8 essential Vancouver experiences to add to your itinerary


Visit Vancouver for the natural beauty, stay for the urban sights. It’s not known as one of the most livable cities in the world for nothing.

British Columbia’s biggest metropolis sits on the water, surrounded by trees and framed by mountains, so you can swim, cycle and ski all in one day if you choose. And with a mild climate year-round, you can enjoy four full seasons of outdoor adventures.

But you don’t have to love the outdoors to experience the best the city has to offer. You can take in a spirited spectator sport, dine on delectable dim sum, connect with Indigenous culture and stroll the spectacular shopping districts too. In Vancouver, there’s an activity for everyone. Here are some of the best things to do in town.

Totem poles in Vancouver, surrounded by trees and greenery
Indigenous nations have long shaped the region around and including Vancouver © Getty Images / iStockphoto

1. Learn about Vancouver’s Indigenous roots and contemporary culture

There’s no better way to connect with the city than to listen to stories and experiences shared by the people who first called the land home.

Vancouver sits on the unceded traditional territories of the xʷməθkʷəy̓əm (Musqueam), Sḵwx̱wú7mesh (Squamish) and səlilwətaɬ (Tsleil-Waututh) Nations, and an abundance of experiences found throughout the city offer engaging and educational ways to connect with the people and places that shaped what we now know as Vancouver.

Take a walking “Talking Trees” tour through Stanley Park with Talaysay Tours and learn about the local plants that were harvested by the Coast Salish people, while hearing stories about the rich cultural history from a First Nations guide.

Explore the Bill Reid Gallery – Canada’s only public gallery dedicated to contemporary Indigenous art of the Northwest Coast – and spot original fine art pieces by Bill Reid, a world-famous Haida artist.

For Indigenous cuisine, dine at Salmon n’ Bannock – the only Indigenous-owned and operated restaurant in Vancouver, serving up modern cuisine made with traditional Indigenous ingredients.

Consider an overnight stay at Skwachàys Lodge, Canada’s first Indigenous Arts Hotel. Located right in the heart of downtown Vancouver, the Lodge offers unique experiences such as sweat lodge ceremonies, traditional smudge ceremonies and in-studio visits with artists-in-residence. Using a social-enterprise model, the Lodge funds supportive housing.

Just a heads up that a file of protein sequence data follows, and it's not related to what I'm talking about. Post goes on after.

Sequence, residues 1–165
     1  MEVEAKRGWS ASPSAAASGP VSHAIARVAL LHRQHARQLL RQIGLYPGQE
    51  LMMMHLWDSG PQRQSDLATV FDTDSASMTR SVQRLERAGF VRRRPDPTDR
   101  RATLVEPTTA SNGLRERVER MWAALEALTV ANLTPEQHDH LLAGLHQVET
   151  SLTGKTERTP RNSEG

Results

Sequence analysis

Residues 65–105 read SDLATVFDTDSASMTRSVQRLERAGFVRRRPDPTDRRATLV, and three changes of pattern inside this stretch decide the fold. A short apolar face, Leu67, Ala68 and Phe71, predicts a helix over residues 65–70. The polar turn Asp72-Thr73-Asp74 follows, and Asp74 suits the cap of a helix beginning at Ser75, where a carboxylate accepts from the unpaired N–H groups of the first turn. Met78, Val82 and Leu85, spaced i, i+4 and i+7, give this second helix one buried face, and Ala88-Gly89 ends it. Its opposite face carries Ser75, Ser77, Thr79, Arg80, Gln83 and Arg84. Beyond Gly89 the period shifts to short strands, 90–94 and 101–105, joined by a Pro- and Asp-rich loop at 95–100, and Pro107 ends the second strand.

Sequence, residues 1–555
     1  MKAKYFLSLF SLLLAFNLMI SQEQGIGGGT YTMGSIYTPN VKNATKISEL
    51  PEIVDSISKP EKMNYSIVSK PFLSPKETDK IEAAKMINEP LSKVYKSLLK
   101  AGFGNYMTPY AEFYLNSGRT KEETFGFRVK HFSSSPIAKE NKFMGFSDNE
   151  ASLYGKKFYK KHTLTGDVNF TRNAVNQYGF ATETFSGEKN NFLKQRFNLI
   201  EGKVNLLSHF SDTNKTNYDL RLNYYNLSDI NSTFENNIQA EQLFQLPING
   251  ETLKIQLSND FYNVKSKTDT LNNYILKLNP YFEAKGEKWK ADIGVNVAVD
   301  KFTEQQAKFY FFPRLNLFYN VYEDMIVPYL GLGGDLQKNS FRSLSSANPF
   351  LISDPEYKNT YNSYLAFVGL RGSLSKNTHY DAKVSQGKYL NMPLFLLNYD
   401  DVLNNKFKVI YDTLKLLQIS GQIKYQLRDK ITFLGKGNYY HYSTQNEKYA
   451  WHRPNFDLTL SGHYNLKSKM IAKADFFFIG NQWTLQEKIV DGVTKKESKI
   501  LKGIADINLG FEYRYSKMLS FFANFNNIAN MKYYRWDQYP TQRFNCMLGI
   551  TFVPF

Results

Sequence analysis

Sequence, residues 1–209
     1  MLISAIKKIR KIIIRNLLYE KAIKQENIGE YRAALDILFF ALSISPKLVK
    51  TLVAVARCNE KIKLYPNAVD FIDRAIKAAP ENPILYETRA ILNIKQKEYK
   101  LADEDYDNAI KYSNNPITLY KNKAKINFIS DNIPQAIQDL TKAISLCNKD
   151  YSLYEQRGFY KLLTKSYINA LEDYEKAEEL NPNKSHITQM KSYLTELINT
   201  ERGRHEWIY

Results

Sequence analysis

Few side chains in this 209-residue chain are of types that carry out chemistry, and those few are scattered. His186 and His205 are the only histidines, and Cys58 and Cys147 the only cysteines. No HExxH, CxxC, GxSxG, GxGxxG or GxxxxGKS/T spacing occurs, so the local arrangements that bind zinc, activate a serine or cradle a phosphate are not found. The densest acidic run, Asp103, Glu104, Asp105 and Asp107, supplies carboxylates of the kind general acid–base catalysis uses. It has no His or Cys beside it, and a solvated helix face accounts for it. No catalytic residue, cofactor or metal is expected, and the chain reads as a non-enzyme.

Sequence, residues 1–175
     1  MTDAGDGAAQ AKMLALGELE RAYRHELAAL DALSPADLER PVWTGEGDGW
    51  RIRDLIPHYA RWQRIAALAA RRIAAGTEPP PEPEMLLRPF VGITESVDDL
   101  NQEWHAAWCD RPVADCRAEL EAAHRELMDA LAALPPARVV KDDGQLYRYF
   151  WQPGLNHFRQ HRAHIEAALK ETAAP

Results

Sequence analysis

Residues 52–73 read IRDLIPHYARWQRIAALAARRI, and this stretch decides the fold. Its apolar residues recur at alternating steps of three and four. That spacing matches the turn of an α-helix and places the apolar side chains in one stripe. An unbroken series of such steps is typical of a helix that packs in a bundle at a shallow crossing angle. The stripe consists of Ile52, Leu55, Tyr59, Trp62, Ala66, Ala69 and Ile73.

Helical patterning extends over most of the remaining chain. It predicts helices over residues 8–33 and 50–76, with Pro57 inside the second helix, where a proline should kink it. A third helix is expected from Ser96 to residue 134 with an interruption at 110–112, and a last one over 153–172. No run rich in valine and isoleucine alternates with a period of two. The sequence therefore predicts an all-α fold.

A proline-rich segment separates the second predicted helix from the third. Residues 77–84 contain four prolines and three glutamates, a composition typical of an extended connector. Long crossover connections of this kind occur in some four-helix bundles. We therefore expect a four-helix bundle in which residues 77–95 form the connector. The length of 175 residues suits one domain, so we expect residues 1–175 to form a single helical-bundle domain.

2. Take to the water by beach, boat or board

Soak up the city’s sparkling seascape from the surface. Vancouver offers ample aquatic adventures, with premium paddling, ocean swimming and mini-ferry rides, all easily accessible directly from downtown.

For kayaking and stand-up paddleboarding, you can choose your own adventure right in the city, with water access and rentals available in Granville Island, Jericho Beach, False Creek, Yaletown or Stanley Park, or venture further afield to Deep Cove, located on Vancouver’s North Shore. 

If you’d prefer a power boat, you can rent those too! Granville Island Boat Rentals is a popular choice for renting a private speed boat. For something a little more unique, enjoy a BBQ on the water while you take in the sights. Rather have someone else take the wheel? The rainbow-colored Aquabus mini pedestrian ferries will take you for a tour or transport you between Granville Island and some of the city’s best waterfront spots.

For ocean swimming, head to one of Vancouver’s best beaches, such as Kits Beach or Second Beach, where you can soak up the atmosphere, sizzle in the sun, and then cool off with a salty dip in the Pacific Ocean.

The exterior of Granville Island Public Market in Vancouver, home to over 100 vendors offering fresh seafood, meats, sweets and European specialty foods.
The city’s best chefs like to shop at Granville Island Public Market © Getty Images

3. Find fine art, family fun and fresh food on Granville Island

Industrial wasteland turned cultural wonderland, Granville Island – one of Vancouver’s best neighborhoods – is as alluring for its fine art as it is for its culinary prowess.

Art lovers are lured by the creative scene here, with hidden studios and hands-on workshops found around every corner. Foodies flock to Granville Island too, with a melange of mom-and-pop shops like Lee’s Donuts (a celebrity favorite), fine dining spots like the Sandbar and the Granville Island Public Market, an indoor food market where the city’s best chefs like to shop. 

Kids Market – a three-story, kid-centric shopping and activity center on Granville Island – is the biggest draw for families. And only steps away, the largest free outdoor water park in North America provides the perfect place to cool off and play on warm summer days.